Sam. Why then follow me; I'll teach you the finest humour

to be drunk in: I learned it at London last week.

Both. I' faith? Let's hear it, let's hear it.

Sam. The bravest humour! 'twould do a man good to be drunk

*Enter into a bond.

†These were used to adjust the plaits of the ruff.

Alluding to the proverb, "Far fetched and dear bought.”

in it: they call it knighting in London, when they drink upon their knees.

Both. 'Faith that's excellent.

Sam. Come, follow me; I'll give you all the degrees of it in order. [Exeunt.

SCENE II-Another Apartment in the same.

Enter WIFE.

Wife. What will become of us? All will away :
My husband never ceases in expense,
Both to consume his credit and his house;
And 'tis set down by heaven's just decree,
That Riot's child must needs be beggary.

Are these the virtues that his youth did promise?
Dice and voluptuous meetings, midnight revels,
Taking his bed with surfeits; ill beseeming
The ancient honour of his house and name?
His fortunes cannot answer his expense.
And this not all, but that which kills me most,
When he recounts his losses and false fortunes,
The weakness of his state so much dejected,
Not as a man repentant, but half mad,
He sits, and sullenly locks up his arms
Forgetting heaven, looks downward; which makes him
Appear so dreadful that he frights my heart:
Walks heavily, as if his soul were earth;
Not penitent for those his sins are past,
But vex'd his money cannot make them last:
A fearful melancholy, ungodly sorrow.
O, yonder he comes; now in despite of ills
I'll speak to him, and I will hear him speak,
And do my best to drive it from his heart.


Hus. Pox o' the last throw! It made five hundred angels Vanish from my sight. I'm damn'd, I'm damn'd;

The angels have forsook me. Nay it is

Certainly true; for he that has no coin

Is damn'd in this world; he is gone, he's gone.

Wife. Dear husband.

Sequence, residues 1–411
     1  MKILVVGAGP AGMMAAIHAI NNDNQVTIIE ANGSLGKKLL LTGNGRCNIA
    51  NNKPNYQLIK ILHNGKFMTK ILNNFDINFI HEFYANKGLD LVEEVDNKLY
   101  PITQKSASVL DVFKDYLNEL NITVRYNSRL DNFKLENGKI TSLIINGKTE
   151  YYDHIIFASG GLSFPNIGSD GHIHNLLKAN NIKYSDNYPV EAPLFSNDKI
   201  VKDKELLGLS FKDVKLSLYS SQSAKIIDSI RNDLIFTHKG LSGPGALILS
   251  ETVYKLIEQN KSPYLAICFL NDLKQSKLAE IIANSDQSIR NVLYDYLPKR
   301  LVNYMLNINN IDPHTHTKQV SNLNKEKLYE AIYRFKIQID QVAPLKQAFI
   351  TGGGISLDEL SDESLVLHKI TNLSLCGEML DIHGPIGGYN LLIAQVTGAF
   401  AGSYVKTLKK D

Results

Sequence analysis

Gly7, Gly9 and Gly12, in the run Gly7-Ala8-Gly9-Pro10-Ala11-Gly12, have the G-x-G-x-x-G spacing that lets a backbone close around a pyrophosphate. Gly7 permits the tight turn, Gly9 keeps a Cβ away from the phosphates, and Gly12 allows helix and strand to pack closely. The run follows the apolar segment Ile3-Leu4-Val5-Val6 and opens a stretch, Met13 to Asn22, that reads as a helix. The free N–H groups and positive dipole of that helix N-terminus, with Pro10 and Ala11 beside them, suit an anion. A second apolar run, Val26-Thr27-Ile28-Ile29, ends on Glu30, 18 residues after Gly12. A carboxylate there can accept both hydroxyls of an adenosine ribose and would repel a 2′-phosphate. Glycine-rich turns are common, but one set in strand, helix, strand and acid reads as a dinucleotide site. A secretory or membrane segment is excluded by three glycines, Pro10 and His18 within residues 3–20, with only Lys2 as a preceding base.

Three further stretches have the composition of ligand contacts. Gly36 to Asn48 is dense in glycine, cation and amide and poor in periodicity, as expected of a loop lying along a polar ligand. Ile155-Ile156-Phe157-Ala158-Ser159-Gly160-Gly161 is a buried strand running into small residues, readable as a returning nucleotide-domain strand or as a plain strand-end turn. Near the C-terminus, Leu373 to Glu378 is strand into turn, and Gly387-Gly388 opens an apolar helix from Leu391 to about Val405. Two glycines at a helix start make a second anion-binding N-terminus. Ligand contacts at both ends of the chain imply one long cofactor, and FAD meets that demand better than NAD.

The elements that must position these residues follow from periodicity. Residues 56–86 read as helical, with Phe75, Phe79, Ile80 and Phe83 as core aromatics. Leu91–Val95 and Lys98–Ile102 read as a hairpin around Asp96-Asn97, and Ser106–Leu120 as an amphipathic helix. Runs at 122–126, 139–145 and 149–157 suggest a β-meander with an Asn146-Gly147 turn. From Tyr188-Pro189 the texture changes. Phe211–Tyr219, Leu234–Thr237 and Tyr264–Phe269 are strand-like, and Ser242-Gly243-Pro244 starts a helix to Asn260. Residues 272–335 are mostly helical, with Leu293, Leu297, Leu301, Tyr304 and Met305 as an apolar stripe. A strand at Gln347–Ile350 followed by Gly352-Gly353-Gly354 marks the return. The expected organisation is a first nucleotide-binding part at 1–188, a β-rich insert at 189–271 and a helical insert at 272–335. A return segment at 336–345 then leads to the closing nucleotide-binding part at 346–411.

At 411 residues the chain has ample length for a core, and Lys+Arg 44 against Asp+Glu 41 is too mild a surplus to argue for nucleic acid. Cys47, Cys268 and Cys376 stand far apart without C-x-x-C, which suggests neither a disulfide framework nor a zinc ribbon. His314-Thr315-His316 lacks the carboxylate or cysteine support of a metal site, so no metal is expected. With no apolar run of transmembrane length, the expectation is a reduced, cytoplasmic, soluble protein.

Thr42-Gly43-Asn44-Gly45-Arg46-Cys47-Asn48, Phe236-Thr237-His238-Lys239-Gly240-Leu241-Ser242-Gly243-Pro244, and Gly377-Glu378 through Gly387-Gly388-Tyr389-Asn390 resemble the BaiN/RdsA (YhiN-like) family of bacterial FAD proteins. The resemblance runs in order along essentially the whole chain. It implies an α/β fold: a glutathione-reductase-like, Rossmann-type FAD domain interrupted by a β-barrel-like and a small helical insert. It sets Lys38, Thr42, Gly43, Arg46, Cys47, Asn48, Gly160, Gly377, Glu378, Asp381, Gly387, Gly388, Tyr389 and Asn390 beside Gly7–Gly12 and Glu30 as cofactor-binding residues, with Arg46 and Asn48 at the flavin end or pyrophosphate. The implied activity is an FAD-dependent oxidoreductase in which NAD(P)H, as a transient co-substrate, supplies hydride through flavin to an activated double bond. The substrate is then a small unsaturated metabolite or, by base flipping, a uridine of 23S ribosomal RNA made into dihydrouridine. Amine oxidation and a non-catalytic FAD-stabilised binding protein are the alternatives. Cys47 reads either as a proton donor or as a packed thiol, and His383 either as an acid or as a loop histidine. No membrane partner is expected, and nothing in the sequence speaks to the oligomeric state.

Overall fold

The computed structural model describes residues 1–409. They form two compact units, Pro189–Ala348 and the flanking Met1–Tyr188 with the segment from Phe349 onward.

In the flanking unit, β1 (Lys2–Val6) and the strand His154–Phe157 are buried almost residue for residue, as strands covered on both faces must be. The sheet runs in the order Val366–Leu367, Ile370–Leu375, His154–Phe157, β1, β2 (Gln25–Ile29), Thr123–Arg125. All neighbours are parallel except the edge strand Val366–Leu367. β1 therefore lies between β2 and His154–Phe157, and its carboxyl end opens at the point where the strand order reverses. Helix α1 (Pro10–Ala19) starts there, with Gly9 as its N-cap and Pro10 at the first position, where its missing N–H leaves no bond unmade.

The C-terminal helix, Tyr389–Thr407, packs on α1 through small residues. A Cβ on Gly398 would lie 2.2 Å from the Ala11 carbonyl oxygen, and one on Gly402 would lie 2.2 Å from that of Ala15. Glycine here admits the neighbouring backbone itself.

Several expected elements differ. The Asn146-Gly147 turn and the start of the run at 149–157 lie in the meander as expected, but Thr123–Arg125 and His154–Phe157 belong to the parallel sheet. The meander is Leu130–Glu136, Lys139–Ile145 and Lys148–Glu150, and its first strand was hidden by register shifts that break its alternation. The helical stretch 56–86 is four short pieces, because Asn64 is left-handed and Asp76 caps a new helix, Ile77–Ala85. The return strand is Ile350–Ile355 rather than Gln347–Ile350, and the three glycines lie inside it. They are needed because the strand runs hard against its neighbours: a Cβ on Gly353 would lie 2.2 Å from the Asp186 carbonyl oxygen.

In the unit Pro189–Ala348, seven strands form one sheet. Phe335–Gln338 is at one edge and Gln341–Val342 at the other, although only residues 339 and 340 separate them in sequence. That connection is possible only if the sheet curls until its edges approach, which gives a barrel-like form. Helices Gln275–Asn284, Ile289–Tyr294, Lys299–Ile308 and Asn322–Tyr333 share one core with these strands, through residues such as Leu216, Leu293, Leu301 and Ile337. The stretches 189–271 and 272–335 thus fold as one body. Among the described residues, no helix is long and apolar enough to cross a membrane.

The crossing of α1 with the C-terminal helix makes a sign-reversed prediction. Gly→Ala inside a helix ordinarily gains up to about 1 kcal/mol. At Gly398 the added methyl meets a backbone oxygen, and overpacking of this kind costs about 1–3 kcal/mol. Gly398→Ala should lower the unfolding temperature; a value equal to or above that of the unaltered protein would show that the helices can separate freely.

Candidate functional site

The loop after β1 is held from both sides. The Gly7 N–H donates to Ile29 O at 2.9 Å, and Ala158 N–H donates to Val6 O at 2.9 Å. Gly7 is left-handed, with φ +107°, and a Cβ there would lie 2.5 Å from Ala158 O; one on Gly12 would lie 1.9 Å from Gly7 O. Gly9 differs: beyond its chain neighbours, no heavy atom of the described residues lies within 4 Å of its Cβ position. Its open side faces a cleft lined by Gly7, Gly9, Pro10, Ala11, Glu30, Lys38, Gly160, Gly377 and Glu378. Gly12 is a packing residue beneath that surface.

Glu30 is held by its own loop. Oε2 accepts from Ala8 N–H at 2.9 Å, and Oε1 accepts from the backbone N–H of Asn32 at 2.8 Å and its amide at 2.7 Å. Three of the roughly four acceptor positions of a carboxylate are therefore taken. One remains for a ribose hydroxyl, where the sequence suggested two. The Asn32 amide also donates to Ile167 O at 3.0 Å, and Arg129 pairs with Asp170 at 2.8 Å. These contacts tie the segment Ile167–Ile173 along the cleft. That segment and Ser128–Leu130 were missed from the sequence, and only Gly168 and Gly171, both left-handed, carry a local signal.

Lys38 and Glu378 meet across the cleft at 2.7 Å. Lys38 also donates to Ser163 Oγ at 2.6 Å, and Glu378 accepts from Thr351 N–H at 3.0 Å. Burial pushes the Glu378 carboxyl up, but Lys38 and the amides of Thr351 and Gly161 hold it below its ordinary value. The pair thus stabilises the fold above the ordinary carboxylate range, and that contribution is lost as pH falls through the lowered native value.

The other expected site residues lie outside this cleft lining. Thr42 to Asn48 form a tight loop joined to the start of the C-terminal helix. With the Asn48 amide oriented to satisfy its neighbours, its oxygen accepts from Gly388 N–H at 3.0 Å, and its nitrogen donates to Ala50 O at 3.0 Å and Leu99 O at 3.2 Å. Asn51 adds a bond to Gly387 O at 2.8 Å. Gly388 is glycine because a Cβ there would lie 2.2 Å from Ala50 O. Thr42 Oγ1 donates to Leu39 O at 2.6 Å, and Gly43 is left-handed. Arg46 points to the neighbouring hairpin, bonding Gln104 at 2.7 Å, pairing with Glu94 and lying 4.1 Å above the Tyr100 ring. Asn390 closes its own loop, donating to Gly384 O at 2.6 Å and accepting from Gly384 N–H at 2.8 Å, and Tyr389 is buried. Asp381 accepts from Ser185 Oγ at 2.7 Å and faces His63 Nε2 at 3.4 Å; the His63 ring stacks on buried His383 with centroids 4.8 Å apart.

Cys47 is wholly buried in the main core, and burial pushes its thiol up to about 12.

Hus. O most punishment of all, I have a wife.
Wife. I do entreat you, as you love your soul,

Tell me the cause of this your discontent.

Hus. A vengeance strip thee naked! thou art cause,


Wife. Bad turn'd to worse; both beggary of the soul

Effect, quality, property; thou, thou, thou.

And of the body;-and so much unlike

Himself at first, as if some vexed spirit

Had got his form upon him. He comes again.

* A quibble between angels of heaven, and angel, the gold coin.

Re-enter HUSBAND.

He says I am the cause: I never yet
Spoke less than words of duty and of love.

Hus. If marriage be honourable, then cuckolds are honourable, for they cannot be made without marriage. Fool! what meant I to marry to get beggars? Now must my eldest son be a knave or nothing; he cannot live upon the fool, for he will have no land to maintain him. That mortgage sits like a snaffle upon mine inheritance, and makes me chew upon iron. My second son must be a promoter;* and my third a thief, or an under-putter; a slave pander. Oh beggary, beggary, to what base uses dost thou put a man! I think the devil scorns to be a bawd; he bears himself more proudly, has more care of his credit. Base, slavish, abject, filthy poverty!

Wife. Good Sir, by all our vows I do beseech you,

Show me the true cause of your discontent.

Hus. Money, money, money; and thou must supply me.
Wife. Alas, I am the least cause of your discontent;